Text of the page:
“More so than any other leading Republican,” Gov. John Kasich (R) “is using his perch to promote a blend of conservative orthodoxy leavened with liberal policies meant to help the poor, the mentally ill and the uninsured. To hear him tell it, the 61-year-old onetime Lehman Brothers executive wants to rebrand the Republican Party by refashioning what it means to be a conservative in the 21st century.” Kasich has seen vigorous opposition from conservatives and praise from liberals for his push on Medicaid expansion. He has also “steered millions more dollars into local food banks, forced insurance companies to provide coverage for children with autism and signed legislation to make it easier for recently released felons to clear their names and find jobs.” Kasich: “I have a chance to shape what it means to be a Republican. … I have a chance to show what it means to be successful economically but also to have a compassionate side, a caring side, to help lift people up.”
Former GOP chair Ed Gillespie: “John is showing, perhaps more visibly than anyone, that conservatives can care deeply about those who are overlooked and are at risk of being left behind. … This is a very important thing for our party to demonstrate.”
Conservative leader Tom Zawistowski: “Kasich is so far off the reservation, it’s incredible.”
State Rep. Bill Patmon (D): “He is becoming the people’s governor.”
A June Quinnipiac poll showed his numbers rebounding greatly from their dismal lows in 2011. (Wall Street Journal)
BIGGER COMPLAINT. Cuyahoga County Executive Ed FitzGerald (D) “has expanded an ethics complaint involving practices of the state’s new privatized job-creation office.” In a letter Thursday, FitzGerald cited an AP report “detailing Kasich’s financial and political ties to a Fortune 500 steel processor whose subsidiaries are cleared” to get $619K in state tax incentives recommended by JobsOhio. “FitzGerald requested the commission add review of Kasich’s relationship to Worthington Industries to a complaint he’d already filed seeking panel input on potential conflicts of interest on JobsOhio’s board.” (AP)
LITTLE DEBBIE HELP. DNC chair Debbie Wasserman Schultz will join FitzGerald and others for a $500-a-plate fundraiser this month to benefit the Ohio Democratic Party. (Cleveland Plain Dealer)
— Julie Sobel
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Foreign Policy takes a look at the future of mining the estimated "100,000 near-Earth objects—including asteroids and comets—in the neighborhood of our planet. Some of these NEOs, as they’re called, are small. Others are substantial and potentially packed full of water and various important minerals, such as nickel, cobalt, and iron. One day, advocates believe, those objects will be tapped by variations on the equipment used in the coal mines of Kentucky or in the diamond mines of Africa. And for immense gain: According to industry experts, the contents of a single asteroid could be worth trillions of dollars." But the technology to get us there is only the first step. Experts say "a multinational body might emerge" to manage rights to NEOs, as well as a body of law, including an international court.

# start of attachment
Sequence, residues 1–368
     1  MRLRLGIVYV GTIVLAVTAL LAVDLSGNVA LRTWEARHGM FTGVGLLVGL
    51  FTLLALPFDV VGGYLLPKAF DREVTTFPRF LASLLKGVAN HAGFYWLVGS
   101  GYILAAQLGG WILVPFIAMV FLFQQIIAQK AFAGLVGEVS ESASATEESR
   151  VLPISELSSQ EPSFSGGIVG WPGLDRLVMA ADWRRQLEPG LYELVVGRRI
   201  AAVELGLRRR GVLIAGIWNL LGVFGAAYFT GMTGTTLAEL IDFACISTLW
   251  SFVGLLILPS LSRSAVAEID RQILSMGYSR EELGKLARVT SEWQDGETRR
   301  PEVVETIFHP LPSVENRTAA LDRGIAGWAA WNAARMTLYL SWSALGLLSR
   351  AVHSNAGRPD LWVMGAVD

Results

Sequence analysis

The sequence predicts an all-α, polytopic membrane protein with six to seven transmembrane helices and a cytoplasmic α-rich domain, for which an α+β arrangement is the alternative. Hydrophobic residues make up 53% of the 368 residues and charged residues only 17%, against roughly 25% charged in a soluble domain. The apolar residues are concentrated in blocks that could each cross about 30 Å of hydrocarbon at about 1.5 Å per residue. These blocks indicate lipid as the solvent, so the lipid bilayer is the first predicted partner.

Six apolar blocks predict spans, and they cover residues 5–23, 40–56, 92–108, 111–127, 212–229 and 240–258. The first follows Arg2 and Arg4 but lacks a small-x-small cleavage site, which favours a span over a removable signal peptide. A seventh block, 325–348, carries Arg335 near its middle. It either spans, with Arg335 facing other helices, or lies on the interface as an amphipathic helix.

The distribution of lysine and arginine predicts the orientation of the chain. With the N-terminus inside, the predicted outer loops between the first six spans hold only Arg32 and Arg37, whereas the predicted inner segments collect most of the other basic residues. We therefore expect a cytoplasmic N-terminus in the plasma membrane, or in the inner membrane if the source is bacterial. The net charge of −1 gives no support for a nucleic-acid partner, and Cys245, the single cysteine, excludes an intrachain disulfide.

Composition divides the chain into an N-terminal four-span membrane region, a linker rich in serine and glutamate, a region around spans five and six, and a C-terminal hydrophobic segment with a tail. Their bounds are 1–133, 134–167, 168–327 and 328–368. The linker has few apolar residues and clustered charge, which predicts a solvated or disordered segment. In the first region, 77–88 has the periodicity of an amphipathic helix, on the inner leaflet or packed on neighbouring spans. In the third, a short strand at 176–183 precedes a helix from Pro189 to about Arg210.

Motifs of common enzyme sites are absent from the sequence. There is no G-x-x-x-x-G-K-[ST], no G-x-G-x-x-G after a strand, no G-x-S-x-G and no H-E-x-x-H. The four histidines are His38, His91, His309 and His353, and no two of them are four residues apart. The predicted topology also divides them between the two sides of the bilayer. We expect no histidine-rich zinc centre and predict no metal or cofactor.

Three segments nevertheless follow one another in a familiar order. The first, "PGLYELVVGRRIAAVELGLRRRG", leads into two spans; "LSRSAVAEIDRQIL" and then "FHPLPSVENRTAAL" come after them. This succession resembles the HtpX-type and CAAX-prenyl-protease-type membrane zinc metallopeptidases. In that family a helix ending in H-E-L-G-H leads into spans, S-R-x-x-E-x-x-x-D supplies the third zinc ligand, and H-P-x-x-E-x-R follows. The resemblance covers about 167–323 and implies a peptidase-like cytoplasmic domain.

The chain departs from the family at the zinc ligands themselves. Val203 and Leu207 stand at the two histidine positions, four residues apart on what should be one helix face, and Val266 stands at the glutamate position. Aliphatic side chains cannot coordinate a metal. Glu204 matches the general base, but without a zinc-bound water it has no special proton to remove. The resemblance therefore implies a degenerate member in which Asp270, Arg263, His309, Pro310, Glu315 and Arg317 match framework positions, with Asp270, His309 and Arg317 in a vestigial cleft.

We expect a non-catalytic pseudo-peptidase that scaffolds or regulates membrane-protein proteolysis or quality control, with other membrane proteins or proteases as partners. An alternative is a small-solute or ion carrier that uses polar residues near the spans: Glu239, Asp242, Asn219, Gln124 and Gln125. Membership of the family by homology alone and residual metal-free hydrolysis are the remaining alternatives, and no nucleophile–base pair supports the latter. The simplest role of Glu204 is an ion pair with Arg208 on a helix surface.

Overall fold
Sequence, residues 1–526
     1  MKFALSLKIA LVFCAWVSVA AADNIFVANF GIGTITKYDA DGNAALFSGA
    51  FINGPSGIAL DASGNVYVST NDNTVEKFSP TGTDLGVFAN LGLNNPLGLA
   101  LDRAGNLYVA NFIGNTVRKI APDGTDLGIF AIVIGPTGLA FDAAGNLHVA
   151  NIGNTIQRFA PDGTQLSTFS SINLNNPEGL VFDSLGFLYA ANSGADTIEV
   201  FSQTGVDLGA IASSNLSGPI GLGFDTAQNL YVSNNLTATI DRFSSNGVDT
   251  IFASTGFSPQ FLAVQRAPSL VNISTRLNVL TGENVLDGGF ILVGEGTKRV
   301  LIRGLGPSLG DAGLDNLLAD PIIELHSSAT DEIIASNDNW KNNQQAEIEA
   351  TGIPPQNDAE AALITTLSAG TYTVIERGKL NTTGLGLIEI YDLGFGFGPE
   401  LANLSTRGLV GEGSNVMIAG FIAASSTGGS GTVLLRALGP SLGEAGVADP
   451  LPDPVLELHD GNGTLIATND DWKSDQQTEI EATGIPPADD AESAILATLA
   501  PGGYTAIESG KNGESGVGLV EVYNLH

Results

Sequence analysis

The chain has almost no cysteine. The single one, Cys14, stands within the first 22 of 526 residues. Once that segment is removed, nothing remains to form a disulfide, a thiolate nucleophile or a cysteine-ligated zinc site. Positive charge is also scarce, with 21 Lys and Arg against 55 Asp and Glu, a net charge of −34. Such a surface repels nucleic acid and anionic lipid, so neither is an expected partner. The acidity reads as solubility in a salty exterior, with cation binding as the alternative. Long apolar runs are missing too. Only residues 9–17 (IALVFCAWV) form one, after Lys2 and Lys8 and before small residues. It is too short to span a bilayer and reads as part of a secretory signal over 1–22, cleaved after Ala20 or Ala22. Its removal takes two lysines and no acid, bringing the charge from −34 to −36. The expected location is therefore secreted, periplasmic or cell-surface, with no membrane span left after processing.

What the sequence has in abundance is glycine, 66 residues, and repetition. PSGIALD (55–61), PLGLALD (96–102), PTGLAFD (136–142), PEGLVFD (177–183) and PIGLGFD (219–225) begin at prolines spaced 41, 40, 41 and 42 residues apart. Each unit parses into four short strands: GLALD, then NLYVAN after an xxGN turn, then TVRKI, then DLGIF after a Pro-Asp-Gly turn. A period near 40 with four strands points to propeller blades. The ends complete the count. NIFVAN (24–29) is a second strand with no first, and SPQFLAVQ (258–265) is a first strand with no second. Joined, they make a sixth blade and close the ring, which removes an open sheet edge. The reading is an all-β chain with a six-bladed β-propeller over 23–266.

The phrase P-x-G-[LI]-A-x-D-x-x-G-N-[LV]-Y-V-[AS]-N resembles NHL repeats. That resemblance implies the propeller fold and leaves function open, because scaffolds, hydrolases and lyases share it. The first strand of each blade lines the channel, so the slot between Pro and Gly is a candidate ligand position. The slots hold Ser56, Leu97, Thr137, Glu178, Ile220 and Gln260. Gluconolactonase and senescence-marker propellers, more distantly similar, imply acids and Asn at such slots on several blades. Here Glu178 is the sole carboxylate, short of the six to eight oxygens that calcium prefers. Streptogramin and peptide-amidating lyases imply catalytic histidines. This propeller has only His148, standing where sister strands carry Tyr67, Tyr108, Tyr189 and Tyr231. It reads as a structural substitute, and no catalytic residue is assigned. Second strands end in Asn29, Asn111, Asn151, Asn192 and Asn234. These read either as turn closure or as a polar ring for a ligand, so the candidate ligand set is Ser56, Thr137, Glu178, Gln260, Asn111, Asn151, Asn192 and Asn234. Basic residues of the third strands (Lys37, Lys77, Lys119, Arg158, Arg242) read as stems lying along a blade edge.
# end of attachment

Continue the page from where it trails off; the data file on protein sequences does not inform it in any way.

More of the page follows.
Not to be outdone by Jeffrey Goldberg's recent piece in The Atlantic about President Obama's foreign policy, the New York Times Magazine checks in with a longread on the president's economic legacy. In it, Obama is cognizant that the economic reality--73 straight months of growth--isn't matched by public perceptions. Some of that, he says, is due to a constant drumbeat from the right that "that denies any progress." But he also accepts some blame himself. “I mean, the truth of the matter is that if we had been able to more effectively communicate all the steps we had taken to the swing voter,” he said, “then we might have maintained a majority in the House or the Senate.”
Ronald Reagan's children and political allies took to the media and Twitter this week to chide funnyman Will Ferrell for his plans to play a dementia-addled Reagan in his second term in a new comedy entitled Reagan. In an open letter, Reagan's daughter Patti Davis tells Ferrell, who's also a producer on the movie, “Perhaps for your comedy you would like to visit some dementia facilities. I have—I didn’t find anything comedic there, and my hope would be that if you’re a decent human being, you wouldn’t either.” Michael Reagan, the president's son, tweeted, "What an Outrag....Alzheimers is not joke...It kills..You should be ashamed all of you." And former Rep. Joe Walsh called it an example of "Hollywood taking a shot at conservatives again."
In a sign that she’s ready to put a longer-than-expected primary battle behind her, former Secretary of State Hillary Clinton (D) is no longer going on the air in upcoming primary states. “Team Clinton hasn’t spent a single cent in … California, Indiana, Kentucky, Oregon and West Virginia, while” Sen. Bernie Sanders’ (I-VT) “campaign has spent a little more than $1 million in those same states.” Meanwhile, Sen. Jeff Merkley (D-OR), Sanders’ "lone backer in the Senate, said the candidate should end his presidential campaign if he’s losing to Hillary Clinton after the primary season concludes in June, breaking sharply with the candidate who is vowing to take his insurgent bid to the party convention in Philadelphia.”
The team behind the bestselling "Clinton Cash"—author Peter Schweizer and Breitbart's Stephen Bannon—is turning the book into a movie that will have its U.S. premiere just before the Democratic National Convention this summer. The film will get its global debut "next month in Cannes, France, during the Cannes Film Festival. (The movie is not a part of the festival, but will be shown at a screening arranged for distributors)." Bloomberg has a trailer up, pointing out that it's "less Ken Burns than Jerry Bruckheimer, featuring blood-drenched money, radical madrassas, and ominous footage of the Clintons."